Facebook’s foibles and lessons in payments trust
For much of the past decade, banking and payments have confronted the challenge of social media and its ensuing revolution. Some see social media as a place to meet customers. Some continue to work out how to use it most effectively as a transaction platform. And still others explore how best to use social media as an advertising outlet.
Meanwhile, many social media-based payments systems emerged as alternatives to bank-based payments models. In almost all use cases, the payment comes at some point from a bank account or ends up in one. But the bank’s role in assuring a smooth process—accurate, safe, on time and confidential—has been pushed into the background. Sometimes, it sits so far back that payments customers don’t always see the bank’s role and focus only on the payment’s social aspects such as people splitting a lunch tab.
Now the payments industry stands at a crossroads that, if it fails to negotiate it, comes at a perilous price. This centers on the violation of accepted privacy and trust norms, as exposed by the startling revelations about Cambridge Analytica and Facebook.
This gives rise to the question: Will the trust that girds how banks serve a customer’s payments requirements move to front and center? The answer isn’t so much yes or no as this: It must. If the bank-based payments industry lost payments volume to a new-media challenger, that loss could be absorbed. But if the industry loses customer trust, it’s game over.
Social media sells out?
Trust matters. Will a person use a trusted payments system more expensive than the non-bank alternatives? Sure. We’d probably send a wire when speed and security are essential. One that is slow? For a long time, some payers saw slow clearing times as a benefit of using checks. And the payments industry is pouring billions into safe, secure and private faster payments systems. One that is at times clunky? A letter of credit, even with today’s electronics, poses assembly and process challenges. But volume remains strong and banks perform almost all such transactions. Safely adapting blockchain for payments? A consortium of banks leads the largest such effort. And the quickest one off the ground is co-led by a blockchain technology pioneer teamed with respected banks.
I doubt that many bank customers would knowingly use a payments system that secretly scrapes personal information about the payer and payee—and sells it to anyone willing to pay for it. Most of the public trusts banks to not abuse payer/payee personal data in the name of eking out extra profit.
Let’s be clear about the major differences between social media companies and banks. Facebook’s admitted practices with people’s data does not represent some artifact or minor business practice: It drives their business model and the profits that result. Now put those business and profit models in the context of a financial institution’s payment data winding up in some form or another on a dark web auction, up for grabs to the highest bidder. This could include:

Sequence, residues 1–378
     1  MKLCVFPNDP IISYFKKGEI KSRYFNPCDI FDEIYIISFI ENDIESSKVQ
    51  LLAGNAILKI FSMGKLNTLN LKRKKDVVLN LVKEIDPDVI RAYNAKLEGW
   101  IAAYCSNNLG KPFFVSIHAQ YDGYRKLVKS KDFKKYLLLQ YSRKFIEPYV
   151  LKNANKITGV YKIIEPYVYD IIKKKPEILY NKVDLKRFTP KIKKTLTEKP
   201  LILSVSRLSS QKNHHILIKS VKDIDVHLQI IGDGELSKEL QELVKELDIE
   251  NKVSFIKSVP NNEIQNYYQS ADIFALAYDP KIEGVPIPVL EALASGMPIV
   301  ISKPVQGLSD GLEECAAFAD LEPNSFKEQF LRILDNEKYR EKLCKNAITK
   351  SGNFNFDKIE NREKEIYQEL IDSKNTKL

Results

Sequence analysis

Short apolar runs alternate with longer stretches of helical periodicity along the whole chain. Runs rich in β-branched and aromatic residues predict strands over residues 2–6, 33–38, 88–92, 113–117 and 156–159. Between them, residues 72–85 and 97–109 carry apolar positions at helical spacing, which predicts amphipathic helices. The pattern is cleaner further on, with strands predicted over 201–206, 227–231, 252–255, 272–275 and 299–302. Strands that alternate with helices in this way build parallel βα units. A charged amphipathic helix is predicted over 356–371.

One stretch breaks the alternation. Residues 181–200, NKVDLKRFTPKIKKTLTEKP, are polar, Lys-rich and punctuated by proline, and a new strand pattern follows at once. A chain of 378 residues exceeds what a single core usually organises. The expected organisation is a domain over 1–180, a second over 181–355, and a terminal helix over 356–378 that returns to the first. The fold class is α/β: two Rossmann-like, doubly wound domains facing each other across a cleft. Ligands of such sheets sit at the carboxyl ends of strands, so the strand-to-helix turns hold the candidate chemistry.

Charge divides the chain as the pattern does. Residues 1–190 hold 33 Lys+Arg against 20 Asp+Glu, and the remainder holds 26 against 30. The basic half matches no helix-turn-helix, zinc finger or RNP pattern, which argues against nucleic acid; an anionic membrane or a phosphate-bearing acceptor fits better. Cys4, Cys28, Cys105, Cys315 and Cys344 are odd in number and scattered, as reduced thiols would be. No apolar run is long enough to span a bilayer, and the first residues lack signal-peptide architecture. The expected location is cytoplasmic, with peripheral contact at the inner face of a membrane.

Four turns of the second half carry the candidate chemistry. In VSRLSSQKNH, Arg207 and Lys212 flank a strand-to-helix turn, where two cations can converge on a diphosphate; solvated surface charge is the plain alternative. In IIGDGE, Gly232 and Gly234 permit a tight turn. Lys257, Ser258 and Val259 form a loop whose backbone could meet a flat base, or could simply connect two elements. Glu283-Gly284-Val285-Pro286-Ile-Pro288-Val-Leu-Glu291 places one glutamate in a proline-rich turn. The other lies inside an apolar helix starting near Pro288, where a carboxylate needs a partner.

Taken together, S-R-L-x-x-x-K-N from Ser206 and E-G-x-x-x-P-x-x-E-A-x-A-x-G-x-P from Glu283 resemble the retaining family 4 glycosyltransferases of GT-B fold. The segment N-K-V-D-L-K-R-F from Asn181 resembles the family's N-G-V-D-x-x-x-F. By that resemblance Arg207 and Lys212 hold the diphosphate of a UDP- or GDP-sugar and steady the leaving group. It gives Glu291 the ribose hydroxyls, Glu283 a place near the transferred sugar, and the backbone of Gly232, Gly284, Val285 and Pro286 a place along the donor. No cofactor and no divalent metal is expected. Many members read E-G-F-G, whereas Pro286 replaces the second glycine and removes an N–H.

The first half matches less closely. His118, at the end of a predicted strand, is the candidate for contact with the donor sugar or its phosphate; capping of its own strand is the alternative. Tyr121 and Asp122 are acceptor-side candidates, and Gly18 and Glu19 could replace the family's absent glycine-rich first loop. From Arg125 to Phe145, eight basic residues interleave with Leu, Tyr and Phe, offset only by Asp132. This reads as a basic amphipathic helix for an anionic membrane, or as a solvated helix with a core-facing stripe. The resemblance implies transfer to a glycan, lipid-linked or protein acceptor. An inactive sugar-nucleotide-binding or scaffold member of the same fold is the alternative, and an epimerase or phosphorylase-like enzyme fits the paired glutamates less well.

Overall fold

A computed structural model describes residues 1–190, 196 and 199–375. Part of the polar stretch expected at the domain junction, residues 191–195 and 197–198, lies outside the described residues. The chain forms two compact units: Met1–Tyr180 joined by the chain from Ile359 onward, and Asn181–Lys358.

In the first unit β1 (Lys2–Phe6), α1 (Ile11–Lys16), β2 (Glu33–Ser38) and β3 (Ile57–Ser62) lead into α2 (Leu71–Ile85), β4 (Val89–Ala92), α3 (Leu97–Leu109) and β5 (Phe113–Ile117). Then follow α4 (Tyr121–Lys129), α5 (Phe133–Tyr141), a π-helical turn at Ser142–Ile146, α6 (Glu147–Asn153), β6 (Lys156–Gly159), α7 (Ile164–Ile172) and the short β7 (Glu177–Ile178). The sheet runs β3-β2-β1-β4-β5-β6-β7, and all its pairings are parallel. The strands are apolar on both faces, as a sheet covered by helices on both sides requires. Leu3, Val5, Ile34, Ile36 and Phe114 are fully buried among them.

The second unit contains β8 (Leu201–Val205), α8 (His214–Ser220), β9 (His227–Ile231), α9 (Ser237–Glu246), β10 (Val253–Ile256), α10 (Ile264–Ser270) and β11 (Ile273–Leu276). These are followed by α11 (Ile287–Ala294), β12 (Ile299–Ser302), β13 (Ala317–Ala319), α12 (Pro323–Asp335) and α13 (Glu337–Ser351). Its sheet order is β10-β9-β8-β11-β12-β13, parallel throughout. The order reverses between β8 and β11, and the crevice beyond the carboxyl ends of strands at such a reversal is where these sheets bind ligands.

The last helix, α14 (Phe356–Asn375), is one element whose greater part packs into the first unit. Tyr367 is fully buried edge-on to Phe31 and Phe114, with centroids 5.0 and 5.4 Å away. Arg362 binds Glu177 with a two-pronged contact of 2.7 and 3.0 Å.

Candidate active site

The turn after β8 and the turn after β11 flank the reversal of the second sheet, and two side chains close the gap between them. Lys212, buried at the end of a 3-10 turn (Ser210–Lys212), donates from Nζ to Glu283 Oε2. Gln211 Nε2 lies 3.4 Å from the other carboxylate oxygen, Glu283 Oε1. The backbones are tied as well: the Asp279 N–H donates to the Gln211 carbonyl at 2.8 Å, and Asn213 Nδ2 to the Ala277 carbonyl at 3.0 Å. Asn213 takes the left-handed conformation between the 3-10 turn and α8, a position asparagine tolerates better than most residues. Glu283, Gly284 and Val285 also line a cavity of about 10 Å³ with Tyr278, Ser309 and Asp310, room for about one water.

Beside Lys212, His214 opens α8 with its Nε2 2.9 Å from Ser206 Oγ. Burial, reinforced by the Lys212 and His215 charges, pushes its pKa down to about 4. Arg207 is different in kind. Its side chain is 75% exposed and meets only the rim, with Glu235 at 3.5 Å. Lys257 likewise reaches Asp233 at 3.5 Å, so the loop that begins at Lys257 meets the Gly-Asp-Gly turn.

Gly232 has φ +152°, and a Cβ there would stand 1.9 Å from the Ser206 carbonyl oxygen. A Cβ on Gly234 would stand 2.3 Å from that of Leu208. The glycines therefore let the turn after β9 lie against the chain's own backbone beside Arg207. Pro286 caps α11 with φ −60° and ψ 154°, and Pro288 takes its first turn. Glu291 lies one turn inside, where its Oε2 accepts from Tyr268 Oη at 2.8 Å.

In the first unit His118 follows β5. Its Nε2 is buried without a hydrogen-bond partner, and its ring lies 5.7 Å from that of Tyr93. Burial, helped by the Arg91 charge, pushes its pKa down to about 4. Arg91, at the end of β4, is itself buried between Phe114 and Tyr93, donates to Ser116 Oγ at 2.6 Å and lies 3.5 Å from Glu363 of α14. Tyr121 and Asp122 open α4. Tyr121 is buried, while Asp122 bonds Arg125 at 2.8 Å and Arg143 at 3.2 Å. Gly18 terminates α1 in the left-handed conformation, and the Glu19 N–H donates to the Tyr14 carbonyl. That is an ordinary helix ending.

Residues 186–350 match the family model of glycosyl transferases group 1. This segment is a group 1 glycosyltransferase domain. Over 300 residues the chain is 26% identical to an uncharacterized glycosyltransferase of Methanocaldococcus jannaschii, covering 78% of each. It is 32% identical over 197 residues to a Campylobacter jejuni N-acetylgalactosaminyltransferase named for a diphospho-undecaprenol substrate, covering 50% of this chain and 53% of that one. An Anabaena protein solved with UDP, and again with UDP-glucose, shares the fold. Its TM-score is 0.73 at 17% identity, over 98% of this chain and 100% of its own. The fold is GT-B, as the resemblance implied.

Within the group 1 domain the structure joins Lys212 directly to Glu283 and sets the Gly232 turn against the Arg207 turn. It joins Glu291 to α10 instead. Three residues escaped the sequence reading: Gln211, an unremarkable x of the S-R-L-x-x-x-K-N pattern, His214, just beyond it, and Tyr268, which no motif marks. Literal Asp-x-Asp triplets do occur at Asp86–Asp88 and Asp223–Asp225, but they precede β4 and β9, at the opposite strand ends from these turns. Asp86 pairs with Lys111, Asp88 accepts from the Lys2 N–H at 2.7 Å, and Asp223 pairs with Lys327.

- payers’ and payees’ names and electronic addresses
- account types and domiciles
- payment amounts
- the purchase itself
- the type or name of company where it was purchased.
Imagine all those details secretly sold to a deep-pocketed buyer, anywhere in the world for any use. Especially on a global scale, this information would include enough data points that when collected across a specific payer’s or payee’s hundreds or thousands of payments, could provide insight well beyond that realm. Imagine your company’s strategies, alliances and proprietary business methods compromised. New technologists like to label it “sharing,” even though the knowledge of what they’re doing certainly isn’t shared openly with users. For them, the damage potential ranges from exposure and maybe embarrassment at the individual level to, at the company level, falling prey to a not-so-distant cousin of corporate espionage.
So far, no major financial institution or payments company has been found selling private customer payment information to the highest bidder without customer approval. But some companies bury the regulatorily required customer “opt out” policy deep in pages of incomprehensible disclosure text. For some, that practice too closely echoes Facebook’s now disgraced approach. Obscure disclaimers may meet regulatory requirements. But they do not build trust.
Banks and payments companies can learn much from social media—including the potential damage if, like a social media company, we were found providing our customers’ payments data to any global purchaser for purposes our payments customers never intended, regardless of whether they had checked all the opt-out boxes.
We must understand the importance of Facebook’s rude awakening. Customer trust is more safely maintained by not selling personal data without clearly granted permission. No matter the profit yielded from a data selloff, far more profit—financial and relational—results for banks that act as a trusted payments partners. Or if you prefer, trust in payments repays itself.
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